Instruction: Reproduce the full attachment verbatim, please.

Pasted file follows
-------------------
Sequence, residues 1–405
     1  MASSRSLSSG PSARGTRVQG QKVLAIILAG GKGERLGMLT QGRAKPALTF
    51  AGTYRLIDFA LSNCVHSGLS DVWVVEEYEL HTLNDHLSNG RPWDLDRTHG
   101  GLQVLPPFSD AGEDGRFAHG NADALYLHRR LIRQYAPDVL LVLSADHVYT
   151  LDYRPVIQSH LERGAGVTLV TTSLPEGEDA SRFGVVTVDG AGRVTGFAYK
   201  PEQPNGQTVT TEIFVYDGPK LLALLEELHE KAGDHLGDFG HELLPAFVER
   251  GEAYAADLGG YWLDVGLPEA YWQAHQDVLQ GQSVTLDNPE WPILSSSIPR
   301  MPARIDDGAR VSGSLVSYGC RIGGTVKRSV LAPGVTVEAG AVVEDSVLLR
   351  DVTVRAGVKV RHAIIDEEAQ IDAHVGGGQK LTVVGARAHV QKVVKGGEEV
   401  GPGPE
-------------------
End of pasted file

Sequence, residues 1–405
     1  MASSRSLSSG PSARGTRVQG QKVLAIILAG GKGERLGMLT QGRAKPALTF
    51  AGTYRLIDFA LSNCVHSGLS DVWVVEEYEL HTLNDHLSNG RPWDLDRTHG
   101  GLQVLPPFSD AGEDGRFAHG NADALYLHRR LIRQYAPDVL LVLSADHVYT
   151  LDYRPVIQSH LERGAGVTLV TTSLPEGEDA SRFGVVTVDG AGRVTGFAYK
   201  PEQPNGQTVT TEIFVYDGPK LLALLEELHE KAGDHLGDFG HELLPAFVER
   251  GEAYAADLGG YWLDVGLPEA YWQAHQDVLQ GQSVTLDNPE WPILSSSIPR
   301  MPARIDDGAR VSGSLVSYGC RIGGTVKRSV LAPGVTVEAG AVVEDSVLLR
   351  DVTVRAGVKV RHAIIDEEAQ IDAHVGGGQK LTVVGARAHV QKVVKGGEEV
   401  GPGPE